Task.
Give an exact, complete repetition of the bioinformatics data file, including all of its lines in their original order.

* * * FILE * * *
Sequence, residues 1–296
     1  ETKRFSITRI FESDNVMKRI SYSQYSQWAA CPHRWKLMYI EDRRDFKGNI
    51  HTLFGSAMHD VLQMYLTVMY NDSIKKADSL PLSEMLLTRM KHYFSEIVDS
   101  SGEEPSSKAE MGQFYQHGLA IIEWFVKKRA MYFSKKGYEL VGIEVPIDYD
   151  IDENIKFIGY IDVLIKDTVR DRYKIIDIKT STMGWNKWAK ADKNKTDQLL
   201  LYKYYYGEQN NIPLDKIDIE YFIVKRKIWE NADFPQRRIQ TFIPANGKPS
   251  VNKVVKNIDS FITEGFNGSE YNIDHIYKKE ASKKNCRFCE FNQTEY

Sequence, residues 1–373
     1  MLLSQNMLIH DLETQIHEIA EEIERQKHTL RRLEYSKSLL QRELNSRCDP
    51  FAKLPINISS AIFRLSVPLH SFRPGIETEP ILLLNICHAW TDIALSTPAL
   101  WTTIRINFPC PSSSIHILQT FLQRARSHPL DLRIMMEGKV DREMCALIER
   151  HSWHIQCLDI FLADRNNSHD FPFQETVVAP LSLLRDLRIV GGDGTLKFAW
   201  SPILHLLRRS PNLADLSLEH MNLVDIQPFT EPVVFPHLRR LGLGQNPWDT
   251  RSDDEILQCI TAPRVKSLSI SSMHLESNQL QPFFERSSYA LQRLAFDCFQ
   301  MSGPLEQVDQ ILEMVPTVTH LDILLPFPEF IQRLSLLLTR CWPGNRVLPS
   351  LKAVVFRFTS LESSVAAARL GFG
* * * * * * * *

Sequence, residues 1–296
     1  ETKRFSITRI FESDNVMKRI SYSQYSQWAA CPHRWKLMYI EDRRDFKGNI
    51  HTLFGSAMHD VLQMYLTVMY NDSIKKADSL PLSEMLLTRM KHYFSEIVDS
   101  SGEEPSSKAE MGQFYQHGLA IIEWFVKKRA MYFSKKGYEL VGIEVPIDYD
   151  IDENIKFIGY IDVLIKDTVR DRYKIIDIKT STMGWNKWAK ADKNKTDQLL
   201  LYKYYYGEQN NIPLDKIDIE YFIVKRKIWE NADFPQRRIQ TFIPANGKPS
   251  VNKVVKNIDS FITEGFNGSE YNIDHIYKKE ASKKNCRFCE FNQTEY

Sequence, residues 1–373
     1  MLLSQNMLIH DLETQIHEIA EEIERQKHTL RRLEYSKSLL QRELNSRCDP
    51  FAKLPINISS AIFRLSVPLH SFRPGIETEP ILLLNICHAW TDIALSTPAL
   101  WTTIRINFPC PSSSIHILQT FLQRARSHPL DLRIMMEGKV DREMCALIER
   151  HSWHIQCLDI FLADRNNSHD FPFQETVVAP LSLLRDLRIV GGDGTLKFAW
   201  SPILHLLRRS PNLADLSLEH MNLVDIQPFT EPVVFPHLRR LGLGQNPWDT
   251  RSDDEILQCI TAPRVKSLSI SSMHLESNQL QPFFERSSYA LQRLAFDCFQ
   301  MSGPLEQVDQ ILEMVPTVTH LDILLPFPEF IQRLSLLLTR CWPGNRVLPS
   351  LKAVVFRFTS LESSVAAARL GFG